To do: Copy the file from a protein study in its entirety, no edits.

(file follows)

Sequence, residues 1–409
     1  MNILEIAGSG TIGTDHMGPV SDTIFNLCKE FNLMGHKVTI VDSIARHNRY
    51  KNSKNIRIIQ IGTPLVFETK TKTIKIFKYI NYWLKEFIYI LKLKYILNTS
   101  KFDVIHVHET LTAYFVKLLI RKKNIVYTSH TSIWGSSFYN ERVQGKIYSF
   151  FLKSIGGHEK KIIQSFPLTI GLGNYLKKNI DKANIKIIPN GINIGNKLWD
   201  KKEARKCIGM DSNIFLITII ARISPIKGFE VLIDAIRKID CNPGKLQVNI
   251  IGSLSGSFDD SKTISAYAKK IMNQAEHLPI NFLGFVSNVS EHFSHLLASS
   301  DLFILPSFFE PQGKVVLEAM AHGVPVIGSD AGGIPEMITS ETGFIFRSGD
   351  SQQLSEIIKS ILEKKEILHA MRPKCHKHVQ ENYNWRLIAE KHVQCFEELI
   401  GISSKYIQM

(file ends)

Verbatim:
Sequence, residues 1–409
     1  MNILEIAGSG TIGTDHMGPV SDTIFNLCKE FNLMGHKVTI VDSIARHNRY
    51  KNSKNIRIIQ IGTPLVFETK TKTIKIFKYI NYWLKEFIYI LKLKYILNTS
   101  KFDVIHVHET LTAYFVKLLI RKKNIVYTSH TSIWGSSFYN ERVQGKIYSF
   151  FLKSIGGHEK KIIQSFPLTI GLGNYLKKNI DKANIKIIPN GINIGNKLWD
   201  KKEARKCIGM DSNIFLITII ARISPIKGFE VLIDAIRKID CNPGKLQVNI
   251  IGSLSGSFDD SKTISAYAKK IMNQAEHLPI NFLGFVSNVS EHFSHLLASS
   301  DLFILPSFFE PQGKVVLEAM AHGVPVIGSD AGGIPEMITS ETGFIFRSGD
   351  SQQLSEIIKS ILEKKEILHA MRPKCHKHVQ ENYNWRLIAE KHVQCFEELI
   401  GISSKYIQM